Google Set to Bash Adobe Flash

Adobe Flash set to be phased out on Google Chrome browsers – though with ten exceptions

Lightning flash.

Web developers: if you’re thinking of going all ‘old-school’ by developing an all Flash website, think again. Google is getting tough on all things of an Adobe Flash nature. Unless your website is one of the ten most visited sites to have a Flash movie, you run the risk of alienating almost everyone in cyberspace. Almost everyone with a copy of Google Chrome that is.

By the end of this year, Adobe’s proprietary technology will be phased out on Google Chrome browsers. In place of anything that features the outdated technology will be HTML5 video clips. Before you decide to dump Chrome in protest, you can still have Adobe Flash clips, so long as you allow them manually. By default, they will only appear on the top ten most visited sites to have Flash.

The vector-based graphical format was launched in 1995 as FutureSplash Animator. In November 1996, it was acquired by Macromedia, prior to the company’s acquisition by Adobe in 2005. Though intended for brief animation sequences with modestly sized clips, it was a popular option for web developers for entire webs. By the start of the noughties, a Macromedia Flash or Shockwave site was the height of sophistication. Some websites also had an HTML equivalent, for those who didn’t download Macromedia’s and – latterly – Adobe’s plugin.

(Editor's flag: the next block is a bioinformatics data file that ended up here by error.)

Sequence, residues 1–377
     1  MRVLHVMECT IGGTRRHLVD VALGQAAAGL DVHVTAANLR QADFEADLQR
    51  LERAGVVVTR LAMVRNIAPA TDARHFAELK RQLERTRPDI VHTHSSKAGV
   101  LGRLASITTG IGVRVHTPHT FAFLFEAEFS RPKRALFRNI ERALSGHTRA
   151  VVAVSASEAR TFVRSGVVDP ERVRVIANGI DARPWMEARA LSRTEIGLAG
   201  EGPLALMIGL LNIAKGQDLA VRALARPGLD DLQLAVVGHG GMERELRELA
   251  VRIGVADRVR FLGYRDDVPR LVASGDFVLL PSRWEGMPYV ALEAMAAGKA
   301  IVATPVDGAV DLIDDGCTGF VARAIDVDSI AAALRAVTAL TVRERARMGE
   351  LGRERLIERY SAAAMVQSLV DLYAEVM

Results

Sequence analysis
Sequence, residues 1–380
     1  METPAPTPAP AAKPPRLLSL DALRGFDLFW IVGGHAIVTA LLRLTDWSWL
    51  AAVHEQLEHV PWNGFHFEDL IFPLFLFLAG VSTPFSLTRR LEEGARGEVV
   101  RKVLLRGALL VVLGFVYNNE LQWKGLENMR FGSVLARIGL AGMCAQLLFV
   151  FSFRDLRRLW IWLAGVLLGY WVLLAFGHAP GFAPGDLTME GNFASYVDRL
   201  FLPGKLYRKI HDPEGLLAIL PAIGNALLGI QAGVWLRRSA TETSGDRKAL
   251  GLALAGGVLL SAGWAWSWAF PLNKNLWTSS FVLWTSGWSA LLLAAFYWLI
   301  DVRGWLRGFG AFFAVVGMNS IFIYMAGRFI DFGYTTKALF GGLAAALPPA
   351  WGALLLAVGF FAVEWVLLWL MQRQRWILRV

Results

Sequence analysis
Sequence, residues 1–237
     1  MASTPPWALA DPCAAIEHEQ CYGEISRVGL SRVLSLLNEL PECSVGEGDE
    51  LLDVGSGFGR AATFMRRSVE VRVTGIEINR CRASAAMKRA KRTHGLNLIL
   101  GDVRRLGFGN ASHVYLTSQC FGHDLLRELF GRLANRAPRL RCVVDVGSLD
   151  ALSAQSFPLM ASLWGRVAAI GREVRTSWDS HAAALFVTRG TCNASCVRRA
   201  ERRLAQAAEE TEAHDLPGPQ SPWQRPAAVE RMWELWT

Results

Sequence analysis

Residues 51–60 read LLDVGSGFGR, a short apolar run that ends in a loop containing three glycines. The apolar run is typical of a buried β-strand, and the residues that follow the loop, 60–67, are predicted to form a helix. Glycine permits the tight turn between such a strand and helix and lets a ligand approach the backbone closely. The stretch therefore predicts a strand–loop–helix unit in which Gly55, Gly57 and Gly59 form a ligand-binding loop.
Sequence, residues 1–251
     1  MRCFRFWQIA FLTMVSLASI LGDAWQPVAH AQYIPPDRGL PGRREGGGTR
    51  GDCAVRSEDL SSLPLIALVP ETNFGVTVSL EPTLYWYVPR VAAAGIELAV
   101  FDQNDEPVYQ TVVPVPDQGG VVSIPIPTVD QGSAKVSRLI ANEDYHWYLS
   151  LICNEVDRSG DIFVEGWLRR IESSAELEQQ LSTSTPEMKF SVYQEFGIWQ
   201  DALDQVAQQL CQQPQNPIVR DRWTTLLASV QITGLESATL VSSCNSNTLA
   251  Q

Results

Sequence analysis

By the end of the noughties, such websites lost popularity with web developers and users. One was the ‘joy’ of having to download a plugin. Another was how such websites did badly in the search engine rankings. The biggest part in the file format’s downfall is the rise in mobile browsing. As Flash was created years before mobile browsing was common, Adobe’s .swf and .fla files take up a fair amount of battery consumption. (Which, if you also develop an open-source mobile-friendly operating system, is an important issue).

For some time, the demise of Adobe’s proprietary video technologies has been predicted. Last year, Adobe themselves have suggested against the use of Flash. As far back as 2004, there was criticism over its unfriendly user experience. Google’s direction with the Chrome web browser (on PCs and Android-powered devices), could see its eventual demise. One where the phrase “about time too” may be uttered by web developers and users alike.

We prefer Cif, but that's another story.
We prefer Cif, but that’s another story. Or GIF when we’re bouncing about after ten espressos.

Net66, 16 May 2016.